The notion of making “evidence-based” decisions in a criminal case sounds like an all-around positive – right? After all, detention, arrest, conviction – all of that is “evidence-based.” Police, prosecutors, judges, and jurors can’t simply rely on their own whims to reach conclusions. They must use evidence. However, as Fort Lauderdale criminal defense lawyers can explain, using “evidence-based” tools can lead to substantially skewed and unfair outcomes when applied during the sentencing phase.
The Cornell Law Review opens its 2019 research on this very topic by breaking it down like this:
“Jack and Jill went up the hill to steal a pail of water, Both were caught and sentenced to jail, But Jack came out two years later.” Why was Jack sentenced to so much more time than Jill when they both committed the same crime and have the same criminal history? Because he’s male, and statistically, men have higher recidivism rates than women. If we’re relying on evidence-based sentencing, the judge may agree that Jack is more likely to offend – and give him a harsher sentence.
This is the problem with evidence-based sentencing. It relies on a range of factors – some relevant to the crime, others totally outside the control of the defendant (up to and including immutable characteristics) – to determine likely recidivism and fair sentencing.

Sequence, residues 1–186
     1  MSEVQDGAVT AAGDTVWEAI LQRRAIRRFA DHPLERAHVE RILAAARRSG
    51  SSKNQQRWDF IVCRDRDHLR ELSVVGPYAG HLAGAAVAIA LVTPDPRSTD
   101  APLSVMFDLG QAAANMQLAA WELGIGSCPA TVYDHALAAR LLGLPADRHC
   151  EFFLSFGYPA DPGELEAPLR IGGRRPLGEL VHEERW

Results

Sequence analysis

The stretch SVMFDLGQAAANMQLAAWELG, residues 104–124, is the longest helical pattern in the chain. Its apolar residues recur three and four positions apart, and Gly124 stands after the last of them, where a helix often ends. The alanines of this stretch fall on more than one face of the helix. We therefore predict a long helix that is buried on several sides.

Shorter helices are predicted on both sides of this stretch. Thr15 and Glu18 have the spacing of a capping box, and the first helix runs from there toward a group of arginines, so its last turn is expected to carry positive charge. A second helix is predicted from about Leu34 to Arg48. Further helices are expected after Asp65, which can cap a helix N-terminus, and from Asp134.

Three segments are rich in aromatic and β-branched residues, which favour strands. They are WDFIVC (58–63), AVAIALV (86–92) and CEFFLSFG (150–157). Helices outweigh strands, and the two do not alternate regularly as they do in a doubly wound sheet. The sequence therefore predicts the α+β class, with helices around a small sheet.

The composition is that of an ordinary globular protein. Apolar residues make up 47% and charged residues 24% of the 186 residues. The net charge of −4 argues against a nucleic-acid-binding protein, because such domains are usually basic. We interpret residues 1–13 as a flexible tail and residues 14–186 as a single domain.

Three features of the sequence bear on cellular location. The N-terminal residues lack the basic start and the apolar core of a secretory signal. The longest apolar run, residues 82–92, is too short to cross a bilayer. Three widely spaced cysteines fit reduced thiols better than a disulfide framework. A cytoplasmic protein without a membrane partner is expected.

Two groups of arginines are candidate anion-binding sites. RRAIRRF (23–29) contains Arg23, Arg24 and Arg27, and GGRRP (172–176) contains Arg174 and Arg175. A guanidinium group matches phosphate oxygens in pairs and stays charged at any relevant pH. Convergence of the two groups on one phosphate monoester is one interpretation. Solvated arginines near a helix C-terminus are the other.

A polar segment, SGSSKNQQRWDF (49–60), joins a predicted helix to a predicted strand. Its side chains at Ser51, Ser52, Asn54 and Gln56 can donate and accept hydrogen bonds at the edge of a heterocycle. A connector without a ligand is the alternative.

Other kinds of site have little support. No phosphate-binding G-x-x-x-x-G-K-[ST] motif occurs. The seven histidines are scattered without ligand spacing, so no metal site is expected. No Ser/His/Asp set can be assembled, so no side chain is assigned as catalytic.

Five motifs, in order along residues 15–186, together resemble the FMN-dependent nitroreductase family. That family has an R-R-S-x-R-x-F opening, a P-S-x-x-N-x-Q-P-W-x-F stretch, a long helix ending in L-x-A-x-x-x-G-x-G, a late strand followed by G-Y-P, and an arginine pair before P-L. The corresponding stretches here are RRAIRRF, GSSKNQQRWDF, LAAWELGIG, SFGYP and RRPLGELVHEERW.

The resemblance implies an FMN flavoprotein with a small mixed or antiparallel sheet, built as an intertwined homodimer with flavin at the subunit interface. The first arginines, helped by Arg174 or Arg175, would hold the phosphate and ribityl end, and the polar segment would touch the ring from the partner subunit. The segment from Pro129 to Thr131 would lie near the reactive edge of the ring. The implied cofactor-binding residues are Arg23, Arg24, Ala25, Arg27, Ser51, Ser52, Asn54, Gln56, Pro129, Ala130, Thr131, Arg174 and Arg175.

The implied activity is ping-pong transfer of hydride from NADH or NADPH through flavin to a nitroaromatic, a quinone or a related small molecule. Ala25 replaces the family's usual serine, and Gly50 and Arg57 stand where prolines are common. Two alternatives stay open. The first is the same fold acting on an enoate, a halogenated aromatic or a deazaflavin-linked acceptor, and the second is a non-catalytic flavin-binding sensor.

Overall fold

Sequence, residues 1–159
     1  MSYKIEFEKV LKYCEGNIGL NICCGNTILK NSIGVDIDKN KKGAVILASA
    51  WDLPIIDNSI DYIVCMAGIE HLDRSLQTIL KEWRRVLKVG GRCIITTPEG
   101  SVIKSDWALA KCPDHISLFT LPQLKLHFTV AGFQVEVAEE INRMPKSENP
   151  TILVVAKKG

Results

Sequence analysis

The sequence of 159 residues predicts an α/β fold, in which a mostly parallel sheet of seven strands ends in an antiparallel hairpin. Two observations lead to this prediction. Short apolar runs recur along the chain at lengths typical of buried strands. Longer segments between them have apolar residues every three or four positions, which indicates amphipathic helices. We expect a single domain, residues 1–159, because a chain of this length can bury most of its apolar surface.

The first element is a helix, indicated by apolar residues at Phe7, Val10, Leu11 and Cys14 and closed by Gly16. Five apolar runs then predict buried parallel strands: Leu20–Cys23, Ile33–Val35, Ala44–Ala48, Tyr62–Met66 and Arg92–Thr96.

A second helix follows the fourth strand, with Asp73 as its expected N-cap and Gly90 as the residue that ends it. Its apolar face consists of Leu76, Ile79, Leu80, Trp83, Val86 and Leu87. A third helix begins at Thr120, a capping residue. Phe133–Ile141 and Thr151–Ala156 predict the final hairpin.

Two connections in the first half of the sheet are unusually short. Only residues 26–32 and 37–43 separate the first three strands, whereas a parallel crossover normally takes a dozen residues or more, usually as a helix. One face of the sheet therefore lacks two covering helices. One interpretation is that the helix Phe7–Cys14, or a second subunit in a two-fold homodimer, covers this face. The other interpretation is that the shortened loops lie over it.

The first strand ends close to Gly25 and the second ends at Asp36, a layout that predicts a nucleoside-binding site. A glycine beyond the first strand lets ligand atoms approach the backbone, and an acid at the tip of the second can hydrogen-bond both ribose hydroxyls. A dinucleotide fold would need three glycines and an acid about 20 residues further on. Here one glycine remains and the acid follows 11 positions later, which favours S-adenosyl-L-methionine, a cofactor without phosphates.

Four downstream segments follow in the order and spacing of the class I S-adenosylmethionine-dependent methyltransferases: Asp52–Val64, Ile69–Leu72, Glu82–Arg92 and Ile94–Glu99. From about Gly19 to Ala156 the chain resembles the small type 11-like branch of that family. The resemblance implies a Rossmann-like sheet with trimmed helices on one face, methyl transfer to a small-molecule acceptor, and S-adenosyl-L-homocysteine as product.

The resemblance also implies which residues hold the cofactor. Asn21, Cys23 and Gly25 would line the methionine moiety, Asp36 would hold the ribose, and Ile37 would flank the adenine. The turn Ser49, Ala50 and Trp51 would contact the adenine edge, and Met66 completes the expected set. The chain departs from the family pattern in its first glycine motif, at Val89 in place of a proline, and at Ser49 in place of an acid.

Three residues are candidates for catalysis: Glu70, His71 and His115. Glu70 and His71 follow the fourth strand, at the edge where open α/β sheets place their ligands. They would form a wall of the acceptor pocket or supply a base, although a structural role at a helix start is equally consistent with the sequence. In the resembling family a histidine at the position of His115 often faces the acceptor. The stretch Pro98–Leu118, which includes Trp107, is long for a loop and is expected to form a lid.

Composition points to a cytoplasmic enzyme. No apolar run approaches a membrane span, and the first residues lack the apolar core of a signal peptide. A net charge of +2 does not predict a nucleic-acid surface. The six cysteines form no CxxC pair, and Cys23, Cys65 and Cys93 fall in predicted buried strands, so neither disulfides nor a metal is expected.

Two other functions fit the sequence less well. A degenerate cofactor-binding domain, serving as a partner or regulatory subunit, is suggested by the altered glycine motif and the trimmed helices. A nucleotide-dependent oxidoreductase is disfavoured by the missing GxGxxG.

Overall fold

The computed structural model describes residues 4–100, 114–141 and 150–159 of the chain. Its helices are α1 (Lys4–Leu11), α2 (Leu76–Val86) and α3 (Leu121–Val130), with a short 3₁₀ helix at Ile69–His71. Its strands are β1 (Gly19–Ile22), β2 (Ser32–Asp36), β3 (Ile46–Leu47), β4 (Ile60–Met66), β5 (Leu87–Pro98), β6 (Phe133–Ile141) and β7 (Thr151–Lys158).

Evidence-based sentencing leans on large datasets to evaluate the statistical likelihood between a group trait and the rate of re-offending. But it goes beyond prior offense. Some of the factors analyzed include things like:
- Marital status
- Parental convictions
- Family members who were crime victims
- High school grades
- Chances of finding work above minimum wage
- Dependence on social services
- Crime statistics in their neighborhood of residence
As Fort Lauderdale criminal defense lawyers, we of course find this incredibly problematic for a number of reasons – not the least of which being from a constitutional standpoint. Plus, there’s significant doubt when it comes to the scientific validity of such methods when it comes to the accuracy of using such factors to determine one’s likeliness of re-offending. Continue reading